“I’ll take it,” I said. I could feel Sarah deflating, without having to look behind me. While the rest of her family went on talking, she would be hanging on to my conversation. “He’s a kid…. I have to take it.”
Caitlin gave me the adress and I wrote it down on a napkin. It sounded familiar for some reason. 1342 Summer Ave. I wondered where had I heard that before? But before I could question it further, Sarah was whispering viciously.
“Do you even care about me or my family?”
“He’s just a kid, I’m sorry,” I whispered.
Before she could snap back, I announced to the table that I had to take a call. I shook her father’s hand, gave her mother a hug and was out the door into the crisp night air. As I started up my car I wondered what I was even getting into. “He’s done something bad,” Caitlin had said. How bad?
The streets were clear, so it was only about a 10 minute drive. When I pulled up in front of the house, I found the boy standing on the curb, watching me with deft, brown eyes. He looked so much like how I used to look when I was his age. He was in his pajamas and slippers.
“It’s Thanksgiving,” I said to him as I got out. “Where are your parents? Why are you in pajamas?”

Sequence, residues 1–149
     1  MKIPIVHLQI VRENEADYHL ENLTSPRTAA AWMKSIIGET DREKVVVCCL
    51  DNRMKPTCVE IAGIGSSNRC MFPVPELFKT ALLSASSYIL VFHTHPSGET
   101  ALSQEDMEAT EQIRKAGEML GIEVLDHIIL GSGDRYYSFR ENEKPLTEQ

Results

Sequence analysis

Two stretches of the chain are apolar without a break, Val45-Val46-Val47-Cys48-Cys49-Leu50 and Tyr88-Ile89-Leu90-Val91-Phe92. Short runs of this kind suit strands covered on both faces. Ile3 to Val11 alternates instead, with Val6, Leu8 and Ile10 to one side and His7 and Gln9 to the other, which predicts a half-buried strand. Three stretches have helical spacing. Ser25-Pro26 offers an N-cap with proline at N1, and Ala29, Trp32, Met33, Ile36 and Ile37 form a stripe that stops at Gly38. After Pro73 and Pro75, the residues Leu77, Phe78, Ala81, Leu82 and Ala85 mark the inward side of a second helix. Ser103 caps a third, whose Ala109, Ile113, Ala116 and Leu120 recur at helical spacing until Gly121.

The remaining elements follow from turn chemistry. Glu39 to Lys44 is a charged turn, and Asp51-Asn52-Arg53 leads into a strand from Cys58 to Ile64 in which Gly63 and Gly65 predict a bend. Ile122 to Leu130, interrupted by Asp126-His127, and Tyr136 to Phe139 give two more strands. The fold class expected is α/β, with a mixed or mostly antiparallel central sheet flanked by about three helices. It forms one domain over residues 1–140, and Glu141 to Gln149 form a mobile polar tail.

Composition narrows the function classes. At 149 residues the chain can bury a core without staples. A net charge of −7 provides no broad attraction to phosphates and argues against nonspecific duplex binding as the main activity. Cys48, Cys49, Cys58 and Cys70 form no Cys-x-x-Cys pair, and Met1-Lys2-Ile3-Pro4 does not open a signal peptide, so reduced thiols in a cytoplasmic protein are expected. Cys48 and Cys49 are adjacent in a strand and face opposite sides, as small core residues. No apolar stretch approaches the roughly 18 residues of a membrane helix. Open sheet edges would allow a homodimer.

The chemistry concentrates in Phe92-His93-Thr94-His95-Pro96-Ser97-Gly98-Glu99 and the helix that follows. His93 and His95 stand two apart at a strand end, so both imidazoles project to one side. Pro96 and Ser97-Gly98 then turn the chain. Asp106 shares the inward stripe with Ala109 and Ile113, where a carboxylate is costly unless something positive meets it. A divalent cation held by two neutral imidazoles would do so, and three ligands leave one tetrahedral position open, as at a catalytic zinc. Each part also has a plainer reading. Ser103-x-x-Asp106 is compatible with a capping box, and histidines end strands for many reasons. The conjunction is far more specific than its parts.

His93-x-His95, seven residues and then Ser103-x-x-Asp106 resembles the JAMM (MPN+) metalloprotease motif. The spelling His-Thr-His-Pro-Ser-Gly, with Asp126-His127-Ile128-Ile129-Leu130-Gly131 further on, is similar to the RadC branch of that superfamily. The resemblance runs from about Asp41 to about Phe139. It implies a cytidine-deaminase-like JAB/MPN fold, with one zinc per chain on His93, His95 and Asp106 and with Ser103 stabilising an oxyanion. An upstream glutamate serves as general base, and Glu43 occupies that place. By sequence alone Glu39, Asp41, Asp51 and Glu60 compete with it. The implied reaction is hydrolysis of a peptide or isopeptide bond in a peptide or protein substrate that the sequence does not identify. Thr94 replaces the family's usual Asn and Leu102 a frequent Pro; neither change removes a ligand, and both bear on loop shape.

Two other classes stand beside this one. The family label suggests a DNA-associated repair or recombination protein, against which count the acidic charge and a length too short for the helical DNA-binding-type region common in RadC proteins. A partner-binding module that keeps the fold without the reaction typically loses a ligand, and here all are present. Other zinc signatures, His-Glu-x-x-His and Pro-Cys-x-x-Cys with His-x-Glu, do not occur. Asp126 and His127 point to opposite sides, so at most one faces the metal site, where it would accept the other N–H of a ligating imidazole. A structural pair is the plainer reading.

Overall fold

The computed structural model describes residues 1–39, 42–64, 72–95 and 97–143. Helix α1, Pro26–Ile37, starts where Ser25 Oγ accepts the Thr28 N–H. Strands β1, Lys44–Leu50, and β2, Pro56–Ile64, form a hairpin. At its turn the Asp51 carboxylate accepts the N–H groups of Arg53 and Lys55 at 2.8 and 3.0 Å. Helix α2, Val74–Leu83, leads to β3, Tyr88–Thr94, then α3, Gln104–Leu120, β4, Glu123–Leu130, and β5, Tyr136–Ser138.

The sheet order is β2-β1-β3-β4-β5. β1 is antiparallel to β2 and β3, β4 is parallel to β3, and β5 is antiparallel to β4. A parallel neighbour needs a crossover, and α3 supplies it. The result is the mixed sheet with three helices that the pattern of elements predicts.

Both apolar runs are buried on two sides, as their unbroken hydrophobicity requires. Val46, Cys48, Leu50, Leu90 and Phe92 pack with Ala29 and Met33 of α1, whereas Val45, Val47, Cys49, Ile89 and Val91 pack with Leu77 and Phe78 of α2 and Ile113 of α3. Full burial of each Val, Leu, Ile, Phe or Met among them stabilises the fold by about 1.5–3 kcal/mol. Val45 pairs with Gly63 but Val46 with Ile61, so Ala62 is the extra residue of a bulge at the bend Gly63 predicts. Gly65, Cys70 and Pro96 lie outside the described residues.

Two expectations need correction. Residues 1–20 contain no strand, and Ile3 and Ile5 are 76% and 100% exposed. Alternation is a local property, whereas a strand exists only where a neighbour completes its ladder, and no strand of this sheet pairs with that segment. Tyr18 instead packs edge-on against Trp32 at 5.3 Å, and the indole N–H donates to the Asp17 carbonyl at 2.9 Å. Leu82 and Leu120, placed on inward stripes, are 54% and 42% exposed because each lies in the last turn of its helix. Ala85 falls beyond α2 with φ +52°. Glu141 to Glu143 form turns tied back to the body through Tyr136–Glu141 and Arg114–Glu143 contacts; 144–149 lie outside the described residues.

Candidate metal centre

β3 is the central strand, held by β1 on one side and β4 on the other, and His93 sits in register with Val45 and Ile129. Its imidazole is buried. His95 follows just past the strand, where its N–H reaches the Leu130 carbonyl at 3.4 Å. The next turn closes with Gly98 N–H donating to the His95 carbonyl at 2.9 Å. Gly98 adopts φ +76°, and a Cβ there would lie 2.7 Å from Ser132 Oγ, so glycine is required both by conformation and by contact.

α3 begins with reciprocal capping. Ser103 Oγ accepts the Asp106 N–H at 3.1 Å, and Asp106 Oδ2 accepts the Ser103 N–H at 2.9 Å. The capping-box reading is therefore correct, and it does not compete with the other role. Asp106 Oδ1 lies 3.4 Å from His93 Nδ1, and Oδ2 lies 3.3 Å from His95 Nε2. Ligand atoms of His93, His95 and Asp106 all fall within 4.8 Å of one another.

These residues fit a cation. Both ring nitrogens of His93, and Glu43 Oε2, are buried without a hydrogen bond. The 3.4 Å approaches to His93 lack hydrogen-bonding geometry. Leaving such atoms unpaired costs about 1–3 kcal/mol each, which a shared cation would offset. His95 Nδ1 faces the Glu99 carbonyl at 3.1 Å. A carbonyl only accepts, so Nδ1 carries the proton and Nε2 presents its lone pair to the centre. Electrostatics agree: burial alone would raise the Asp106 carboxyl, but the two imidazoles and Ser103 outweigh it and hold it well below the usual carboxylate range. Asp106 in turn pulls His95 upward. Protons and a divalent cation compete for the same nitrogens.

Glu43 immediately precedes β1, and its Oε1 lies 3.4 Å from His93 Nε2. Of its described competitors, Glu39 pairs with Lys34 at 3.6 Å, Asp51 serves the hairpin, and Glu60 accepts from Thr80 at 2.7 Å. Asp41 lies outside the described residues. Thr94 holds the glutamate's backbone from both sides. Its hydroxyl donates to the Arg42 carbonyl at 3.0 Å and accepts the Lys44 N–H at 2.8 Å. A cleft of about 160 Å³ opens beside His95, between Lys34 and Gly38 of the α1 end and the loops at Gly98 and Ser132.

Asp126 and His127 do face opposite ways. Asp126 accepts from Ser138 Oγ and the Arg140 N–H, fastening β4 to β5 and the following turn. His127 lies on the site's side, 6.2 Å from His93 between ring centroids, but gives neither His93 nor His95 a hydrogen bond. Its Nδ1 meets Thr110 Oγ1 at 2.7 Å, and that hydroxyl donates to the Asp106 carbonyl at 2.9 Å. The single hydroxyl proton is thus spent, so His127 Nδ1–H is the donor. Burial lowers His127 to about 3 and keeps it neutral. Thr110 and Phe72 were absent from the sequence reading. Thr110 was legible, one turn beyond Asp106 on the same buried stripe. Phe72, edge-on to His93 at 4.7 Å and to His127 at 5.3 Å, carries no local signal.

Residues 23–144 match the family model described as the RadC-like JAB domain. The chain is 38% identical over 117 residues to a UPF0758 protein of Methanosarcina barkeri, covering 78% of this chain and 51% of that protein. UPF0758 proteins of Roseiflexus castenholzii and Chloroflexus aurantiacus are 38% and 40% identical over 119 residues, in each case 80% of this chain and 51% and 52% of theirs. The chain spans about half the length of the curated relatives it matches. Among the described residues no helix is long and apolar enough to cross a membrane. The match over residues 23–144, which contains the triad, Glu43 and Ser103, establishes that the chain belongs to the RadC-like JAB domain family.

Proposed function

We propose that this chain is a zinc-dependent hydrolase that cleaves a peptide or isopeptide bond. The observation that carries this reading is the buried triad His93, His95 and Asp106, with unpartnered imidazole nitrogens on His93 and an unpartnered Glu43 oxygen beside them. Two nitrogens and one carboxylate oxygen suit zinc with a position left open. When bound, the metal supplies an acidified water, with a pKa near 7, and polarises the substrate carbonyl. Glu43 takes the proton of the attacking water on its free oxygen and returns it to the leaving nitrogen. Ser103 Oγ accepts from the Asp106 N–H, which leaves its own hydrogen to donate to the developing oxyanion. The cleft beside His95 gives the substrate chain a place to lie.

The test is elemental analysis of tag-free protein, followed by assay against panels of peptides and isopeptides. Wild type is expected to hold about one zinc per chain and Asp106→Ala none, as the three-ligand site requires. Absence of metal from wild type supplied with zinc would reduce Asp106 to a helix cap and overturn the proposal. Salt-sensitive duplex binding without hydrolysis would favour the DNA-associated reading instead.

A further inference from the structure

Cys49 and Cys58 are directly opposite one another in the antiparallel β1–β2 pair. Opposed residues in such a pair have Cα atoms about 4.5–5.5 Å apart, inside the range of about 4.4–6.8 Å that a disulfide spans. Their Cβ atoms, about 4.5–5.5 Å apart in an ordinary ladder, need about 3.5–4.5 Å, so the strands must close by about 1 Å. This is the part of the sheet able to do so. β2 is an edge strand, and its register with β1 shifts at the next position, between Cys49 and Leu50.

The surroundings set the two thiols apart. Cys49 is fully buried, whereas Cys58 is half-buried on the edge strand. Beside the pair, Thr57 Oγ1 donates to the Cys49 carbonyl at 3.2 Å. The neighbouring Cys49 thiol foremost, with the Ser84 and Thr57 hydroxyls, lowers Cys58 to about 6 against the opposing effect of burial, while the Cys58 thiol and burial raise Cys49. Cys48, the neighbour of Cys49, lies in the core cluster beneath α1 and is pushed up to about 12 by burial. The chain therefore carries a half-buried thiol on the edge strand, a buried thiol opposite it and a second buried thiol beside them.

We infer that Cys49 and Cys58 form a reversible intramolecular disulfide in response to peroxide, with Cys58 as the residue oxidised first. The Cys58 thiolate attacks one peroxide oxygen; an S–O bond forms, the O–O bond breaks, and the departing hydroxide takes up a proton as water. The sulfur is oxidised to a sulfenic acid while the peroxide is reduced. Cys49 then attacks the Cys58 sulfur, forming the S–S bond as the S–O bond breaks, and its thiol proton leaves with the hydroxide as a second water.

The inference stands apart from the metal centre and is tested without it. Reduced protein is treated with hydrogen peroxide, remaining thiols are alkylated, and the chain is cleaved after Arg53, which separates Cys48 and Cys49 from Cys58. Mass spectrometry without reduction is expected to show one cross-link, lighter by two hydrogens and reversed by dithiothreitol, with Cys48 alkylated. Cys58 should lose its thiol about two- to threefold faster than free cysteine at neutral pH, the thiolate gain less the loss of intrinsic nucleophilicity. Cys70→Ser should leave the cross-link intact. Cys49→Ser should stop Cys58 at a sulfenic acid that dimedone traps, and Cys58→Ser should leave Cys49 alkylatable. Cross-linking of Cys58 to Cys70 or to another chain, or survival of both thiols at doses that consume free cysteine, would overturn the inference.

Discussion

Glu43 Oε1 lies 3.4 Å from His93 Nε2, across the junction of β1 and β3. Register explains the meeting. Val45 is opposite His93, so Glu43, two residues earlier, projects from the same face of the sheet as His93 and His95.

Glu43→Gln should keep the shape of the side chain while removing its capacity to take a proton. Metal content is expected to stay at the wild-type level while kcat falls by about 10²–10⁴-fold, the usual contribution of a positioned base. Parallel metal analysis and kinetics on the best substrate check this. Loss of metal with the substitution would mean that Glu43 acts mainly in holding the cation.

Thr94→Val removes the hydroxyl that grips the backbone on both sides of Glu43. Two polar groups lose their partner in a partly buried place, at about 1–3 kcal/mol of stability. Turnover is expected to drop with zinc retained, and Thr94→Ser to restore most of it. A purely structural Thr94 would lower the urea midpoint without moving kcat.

He looked at me quietly before pointing towards the open front door of his house. There was no noise coming from inside.
“I’m here to help you,” I said. The thought of meeting with his parents at the same time was a little troubling. I wasn’t in the mood to immerse myself in a full-blown family quarrel. “Are your parents home?”
“Yes,” he said, his voice as quiet as a whisper. “But they’re dead.”
“Dead?” I blurted out. “What are you doing calling me if they’re dead? We need to get an ambulance here. Were they murdered? Should I call the police?”
Still silent, the boy simply put his hand on my phone and lowered it before I could finish dialing. He was shaking his head side to side, telling me no. I opened my mouth to speak, but no words came out. His hand was cold and clammy as it closed over mine, tugging as he led me through the lawn towards the front door.
A million reasons to protest were flooding through my mind at once, yet none of them found voice. I felt as though I was wading waist-deep into a dream, each step bringing the waterline of reality higher and higher until we stepped into his house. Suddenly, I was submerged. Entranced.
I remembered that two-person couch against the wall, with the Kool-Aid stains on the armrest. I remembered those watercolor paintings hanging on the walls that led out of the living room. My mother had painted them. They were purple and tan and red, flowing together like a desert sunset. Still farther, I remembered that bedroom door, leading into my parents’ room. It was always closed, and always silent.
But now it too stood open. I had no idea where I was, but it felt like home; it smelled like home. Until I stepped through the door. The boy had pulled me in a little farther before dropping my hand and pointing at the large bed.